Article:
We will get into this more in the next chapter, but here I might note that democracy is a metasolution to the problem of diversity. It provides a way of uniting under one government people who are vastly different socially, culturally, and philosophically. And as in the Convention of Minds, democracy solves this problem by saying "Govern yourself, but do so in a manner consistent with the same right of others." Democracy does not lay down a template for your life, as do other types of government. Rather, as a metasolution it is a method of governance that prevents possible bloody conflicts over rights and principles for the greater society.
Yes, you have moral, just rights. They are universal, and what people would choose to live under were they given the chance. And they are socially just. But all this is justified through a bizarre science-fiction tale. Quite rightly, you might want a more direct and realistic reason for accepting these two rights. This is given by the evolution of international relations and its legal principles.
Throughout eons of human history, through the growth and collapse of clans and cities, nations and states, civilizations and empires; through the many human disasters and catastrophes, wars and revolutions; through the growth and decay of religions and creeds, philosophies, and ideologies; and through the countless day-by-day interactions of billions of people has evolved a system of world governance based, in effect, on the two hypothetical rights emerging from the Convention of Minds. The most basic right you have in the modern international system is that of self-determination for your country or national group, with its allied international legal principle of state sovereignty.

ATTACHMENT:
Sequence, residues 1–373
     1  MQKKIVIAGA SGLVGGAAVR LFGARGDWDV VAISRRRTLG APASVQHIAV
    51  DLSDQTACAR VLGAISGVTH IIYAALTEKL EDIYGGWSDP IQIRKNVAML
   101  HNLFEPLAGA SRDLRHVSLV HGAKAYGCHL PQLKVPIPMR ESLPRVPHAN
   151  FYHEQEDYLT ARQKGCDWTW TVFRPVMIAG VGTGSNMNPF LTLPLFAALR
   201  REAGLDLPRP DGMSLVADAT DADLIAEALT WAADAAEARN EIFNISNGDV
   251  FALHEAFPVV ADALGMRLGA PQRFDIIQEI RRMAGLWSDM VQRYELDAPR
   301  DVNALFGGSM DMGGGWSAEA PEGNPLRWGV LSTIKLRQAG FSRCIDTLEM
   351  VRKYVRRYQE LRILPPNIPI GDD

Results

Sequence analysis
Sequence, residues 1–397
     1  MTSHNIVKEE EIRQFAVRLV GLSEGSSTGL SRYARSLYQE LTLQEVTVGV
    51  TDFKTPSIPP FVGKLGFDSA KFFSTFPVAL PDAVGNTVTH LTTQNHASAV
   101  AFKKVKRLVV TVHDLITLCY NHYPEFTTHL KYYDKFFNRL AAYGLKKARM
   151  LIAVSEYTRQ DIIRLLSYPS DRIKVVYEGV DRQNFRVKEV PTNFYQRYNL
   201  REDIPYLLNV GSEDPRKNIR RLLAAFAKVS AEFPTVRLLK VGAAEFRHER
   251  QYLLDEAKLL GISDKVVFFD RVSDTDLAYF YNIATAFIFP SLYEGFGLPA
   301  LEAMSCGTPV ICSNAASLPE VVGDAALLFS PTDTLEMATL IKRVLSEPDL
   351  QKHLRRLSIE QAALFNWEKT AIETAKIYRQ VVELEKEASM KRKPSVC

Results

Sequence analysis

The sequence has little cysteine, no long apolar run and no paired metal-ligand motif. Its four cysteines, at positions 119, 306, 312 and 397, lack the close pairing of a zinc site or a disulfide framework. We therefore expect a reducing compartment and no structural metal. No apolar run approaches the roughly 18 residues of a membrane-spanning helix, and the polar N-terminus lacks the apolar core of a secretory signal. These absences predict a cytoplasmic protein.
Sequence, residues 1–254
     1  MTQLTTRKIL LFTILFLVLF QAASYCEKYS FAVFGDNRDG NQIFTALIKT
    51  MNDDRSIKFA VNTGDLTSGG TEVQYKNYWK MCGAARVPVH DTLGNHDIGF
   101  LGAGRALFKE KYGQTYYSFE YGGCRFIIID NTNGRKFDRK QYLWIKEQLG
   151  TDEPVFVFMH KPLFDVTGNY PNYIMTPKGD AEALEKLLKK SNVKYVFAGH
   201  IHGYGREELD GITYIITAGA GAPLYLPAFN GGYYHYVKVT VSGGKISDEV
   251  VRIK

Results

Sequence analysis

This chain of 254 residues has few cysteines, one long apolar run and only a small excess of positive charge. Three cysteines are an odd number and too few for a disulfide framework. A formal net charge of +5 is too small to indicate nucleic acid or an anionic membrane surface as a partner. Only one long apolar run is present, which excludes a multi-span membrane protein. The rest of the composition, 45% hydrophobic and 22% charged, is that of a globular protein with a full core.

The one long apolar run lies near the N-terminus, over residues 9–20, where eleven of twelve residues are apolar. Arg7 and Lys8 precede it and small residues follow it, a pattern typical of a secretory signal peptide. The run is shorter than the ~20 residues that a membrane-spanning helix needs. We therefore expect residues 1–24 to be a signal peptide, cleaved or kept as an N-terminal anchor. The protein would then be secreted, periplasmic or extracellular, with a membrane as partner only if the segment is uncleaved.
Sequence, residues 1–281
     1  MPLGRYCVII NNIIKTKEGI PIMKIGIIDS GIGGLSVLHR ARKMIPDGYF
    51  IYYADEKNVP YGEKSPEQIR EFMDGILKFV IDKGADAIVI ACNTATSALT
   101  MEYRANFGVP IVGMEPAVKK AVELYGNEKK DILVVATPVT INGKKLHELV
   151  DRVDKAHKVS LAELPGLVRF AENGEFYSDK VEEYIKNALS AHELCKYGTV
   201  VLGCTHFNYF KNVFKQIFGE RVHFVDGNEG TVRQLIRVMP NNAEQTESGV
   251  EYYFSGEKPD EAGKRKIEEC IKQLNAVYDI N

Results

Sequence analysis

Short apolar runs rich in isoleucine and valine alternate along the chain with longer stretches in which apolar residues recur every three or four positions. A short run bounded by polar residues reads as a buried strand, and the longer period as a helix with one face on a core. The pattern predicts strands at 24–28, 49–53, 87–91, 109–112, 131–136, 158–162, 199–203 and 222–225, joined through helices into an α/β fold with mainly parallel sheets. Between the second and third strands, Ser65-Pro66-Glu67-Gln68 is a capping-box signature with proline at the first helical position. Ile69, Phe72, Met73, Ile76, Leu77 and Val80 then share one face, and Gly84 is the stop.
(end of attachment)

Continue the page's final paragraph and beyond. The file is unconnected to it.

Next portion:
The idea of self-determination has had tremendous power in international relations. In the Twentieth Century it was the force behind demands for independence by the former British, French, Dutch, Portuguese, and Spanish colonies. Against the cries for self-determination, these nations could no longer justify their undemocratic and remote imperial rule. In a few decades after World War II, much of the world was decolonized, and by the end of the Soviet empire, no more than a few small and scattered colonies remained.
A corollary to the principle of sovereignty is that no other nation has a right to intervene in your nation's domestic affairs. The principle, really a metaprinciple, of sovereignty legally allows your community to govern itself with great freedom. Although by their agreements and treaties nations have placed certain restrictions on this sovereignty, as to the right to carry out genocide or slavery, and obligate all governments to respect certain human rights, your nation still is nearly free to govern itself.
Why, for example, has not the United Nations or a powerful coalition of democratic countries invaded Burma, Sudan, or Saudi Arabia, to stop their killing and denial of human rights? Of course, it is partly a matter of the costs involved and the apathy or ignorance of democratic peoples about what life is like in these countries. It is partly that the media does not constantly pound us with images of the horrors going on in these countries, as already noted. But more important, the sovereignty of these countries protects them. It is a very high legal and political hurdle to jump over for those who want intervention. Especially, each country that might approve such an intervention has to wonder whether it is setting a precedent for itself. Nonetheless, such intervention has happened. This is shown by the examples of Bosnia and Kosovo, and I mentioned before the intervention in Somalia. But such interventions to protect or assert human rights are done with extreme reluctance and much delay, and are very rare.
Second, although this is not respected by all countries, international law gives you the right to immigrate and, particularly, to political asylum. This is, in effect, the Free Exit principle.